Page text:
Inspiration is Everywhere
Creative Scrapbook


This is not as easy as it sounds

On Friday I ran a painting session for a friend’s daughter.  She’s 6. When I Skype her, she’s raring to go – smock on, a pile of paper, paints, water, pencil and four brushes.  She’s wearing a baseball cap which is lucky as I’m wearing my painting hat and don’t want to appear over-dressed. I also have my dining table covered with various paraphernalia including a jug of flowers, just in case.

We kick off drawing and painting a long, thin, pheasant feather which I hold up.  It takes no time at all. Then I hold up a ceramic angel we have hanging on the wall.  It has lovely features including a decorated dress, an intricate wing and a golden halo.  Bish bash bosh – done. I’m beginning to sweat a bit. On instinct I suggest we make something up – how about a caterpillar?  That gets a nod of approval and we’re off. I’m dropping in subtle hints about detail (all those feet, what different colours are you going to use?).  It’s green. We’re done. Seeing as she has a vase of flowers on her table I say that we should each draw our own flower arrangement. Whilst I’m trying to get my head round the various different daffodils and the flowering red currant in front of me, she has gone for the minimalist approach.  Four flowers, green stalks, two pink, two yellow. Enough. Miraculously, the hour is up so we sign our work.

For next week I say we’re going to do portraits of Mum and Dad and she can suggest what they wear.  A gleam comes into her eye. I’m praying she suggests her Dad wears his kilt. All that detail …

Alastair Creamer

Maos @ Blue Mountain School

This was a big event on an intimate scale.  On the night we went, 10 lucky people (we were 2 of them) sat round one long table and were served 16 courses.  Alex, Eddie, Sarah and a host of chefs moved around us like worker bees producing nectar.  There was an atmosphere of calm authority and we were carried along on a culinary cloud in which time (and cost) were secondary to the succession of mind-blowing tastes and explorations.

“Beef fat aged lobster, red gooseberries and cherry tomatoes” (course No 8) is like saying “Visit the Lake District”.  It’s a set of instructions.  Tasting it, and then having that linger on your tongue and in your memory for days afterwards, is similar to walking in the Lakes on a sun-filled Autumn afternoon.  The experience ingrains itself in your mind.

Alastair Creamer

New Music: Let’s Eat Grandma

Rosa Walton and Jenny Hollingworth have been Let’s Eat Grandma for 6 years.  They’re 19 and have two albums to their name.  On a lovely Friday afternoon, their set finished with Donnie Darko, an 11 minute track.  This is a sophisticated, slow-burn of a number – it’s not just a ‘song’.  It builds and grows and then tails away. I bought them some vegan carrot cake afterwards (it’s a long story).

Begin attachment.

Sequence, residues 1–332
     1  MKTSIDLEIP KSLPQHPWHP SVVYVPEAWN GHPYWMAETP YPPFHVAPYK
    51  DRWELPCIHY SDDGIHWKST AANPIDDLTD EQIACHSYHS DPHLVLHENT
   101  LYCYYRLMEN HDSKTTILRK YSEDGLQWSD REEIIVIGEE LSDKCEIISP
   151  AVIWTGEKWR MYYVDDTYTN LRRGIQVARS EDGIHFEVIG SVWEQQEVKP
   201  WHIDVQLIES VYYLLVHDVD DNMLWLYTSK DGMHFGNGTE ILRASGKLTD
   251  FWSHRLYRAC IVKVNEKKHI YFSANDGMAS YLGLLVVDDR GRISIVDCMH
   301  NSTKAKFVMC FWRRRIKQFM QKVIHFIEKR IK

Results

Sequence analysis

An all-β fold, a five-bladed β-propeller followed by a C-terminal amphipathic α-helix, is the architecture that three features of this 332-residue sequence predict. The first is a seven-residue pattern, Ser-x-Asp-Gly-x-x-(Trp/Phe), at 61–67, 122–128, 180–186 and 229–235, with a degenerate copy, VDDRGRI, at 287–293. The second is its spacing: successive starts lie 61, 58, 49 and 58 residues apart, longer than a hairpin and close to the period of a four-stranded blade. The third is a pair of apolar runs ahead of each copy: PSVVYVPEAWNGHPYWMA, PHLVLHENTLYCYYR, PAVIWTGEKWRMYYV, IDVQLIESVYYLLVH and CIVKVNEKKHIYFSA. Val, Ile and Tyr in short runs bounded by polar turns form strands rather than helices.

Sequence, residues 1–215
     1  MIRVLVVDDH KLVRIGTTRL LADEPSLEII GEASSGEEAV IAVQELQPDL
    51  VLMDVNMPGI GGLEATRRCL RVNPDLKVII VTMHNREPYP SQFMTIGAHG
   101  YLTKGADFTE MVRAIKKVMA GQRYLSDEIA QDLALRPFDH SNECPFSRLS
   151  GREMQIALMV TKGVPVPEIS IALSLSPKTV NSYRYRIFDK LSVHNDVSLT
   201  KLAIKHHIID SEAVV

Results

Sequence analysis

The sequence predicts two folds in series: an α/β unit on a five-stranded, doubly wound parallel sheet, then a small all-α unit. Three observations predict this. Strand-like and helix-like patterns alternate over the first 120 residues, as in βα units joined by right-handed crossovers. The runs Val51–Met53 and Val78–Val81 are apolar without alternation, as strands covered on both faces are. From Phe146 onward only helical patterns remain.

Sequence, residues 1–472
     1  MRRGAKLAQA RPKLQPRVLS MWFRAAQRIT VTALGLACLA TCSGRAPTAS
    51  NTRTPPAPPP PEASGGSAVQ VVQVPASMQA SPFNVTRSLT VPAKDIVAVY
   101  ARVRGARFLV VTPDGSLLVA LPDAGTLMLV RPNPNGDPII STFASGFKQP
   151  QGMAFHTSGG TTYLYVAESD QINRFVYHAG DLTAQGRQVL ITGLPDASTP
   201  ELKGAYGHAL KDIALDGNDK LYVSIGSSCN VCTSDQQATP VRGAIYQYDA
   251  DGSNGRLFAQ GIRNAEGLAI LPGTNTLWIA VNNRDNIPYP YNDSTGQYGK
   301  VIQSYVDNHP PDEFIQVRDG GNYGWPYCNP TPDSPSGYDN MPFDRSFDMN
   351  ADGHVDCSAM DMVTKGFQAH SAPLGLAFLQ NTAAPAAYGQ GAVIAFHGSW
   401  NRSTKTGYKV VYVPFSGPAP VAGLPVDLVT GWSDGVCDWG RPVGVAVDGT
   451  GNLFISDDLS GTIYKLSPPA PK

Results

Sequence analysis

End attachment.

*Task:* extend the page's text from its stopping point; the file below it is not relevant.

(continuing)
It’s so exciting to come across two musicians who could literally go anywhere with their music.  They could write pop songs or symphonies, jingles or film scores.  They have an imagination that circles the world.  They like clapping games, lying on the floor mid-song, dancing.  To ground all this, they’ve experienced loss (Jenny Hollingworth’s boyfriend died earlier this year and they cancelled their US tour).

I have new music coming out of my ears but these young women have stood out.  It’s not always perfect and there are some aspects I might change, but they cut through because they are taking risks and making big statements.  They have a lot to say.

Mary Farrell

To Go-Giver by Bob Burg and John David Mann

Recommended by a colleague, this 120-page parable contains a lovely idea – give well.  First you have to give more in value than you take in payment.  Thereafter it’s about the quality of your giving.  How well do you serve people?  Abundantly place others’ interests first.  Suspend self-interest.  The most valuable gift you have to offer is yourself.  The key to effective giving is to stay open to receiving.  It reminded me of one of my favourite quotes: “I see that I must give what I most need.”  (Anne Michaels, Fugitive Pieces)

I came away from it thinking that giving could become a way of life that many of us could entertain.  Give attention, ideas, time, care, energy.  Make other people feel good about themselves.  I found two small lessons in here for me.  First, don’t judge so much.  Appearances can be deceptive.  Biases are rife.  Second, pay attention more.  Notice things and stay curious.

Alastair Creamer

Singing with Nightingales

I cannot remember another occasion when my senses were so cranked up. Sam Lee has been holding these evenings for years. The pace and staging is informal and unfolding. From the moment we come across white anenomes in the woods (a sign of ancient woodland, they grow at a snail’s pace compared to bluebells), I let go and embrace whatever comes my way. When we reach the place, the nightingale sings, a glorious sentence, pauses, then sings an entirely different sentence. Sam sings back. It’s a conversation rather than a duet, a reply, a question, a chat.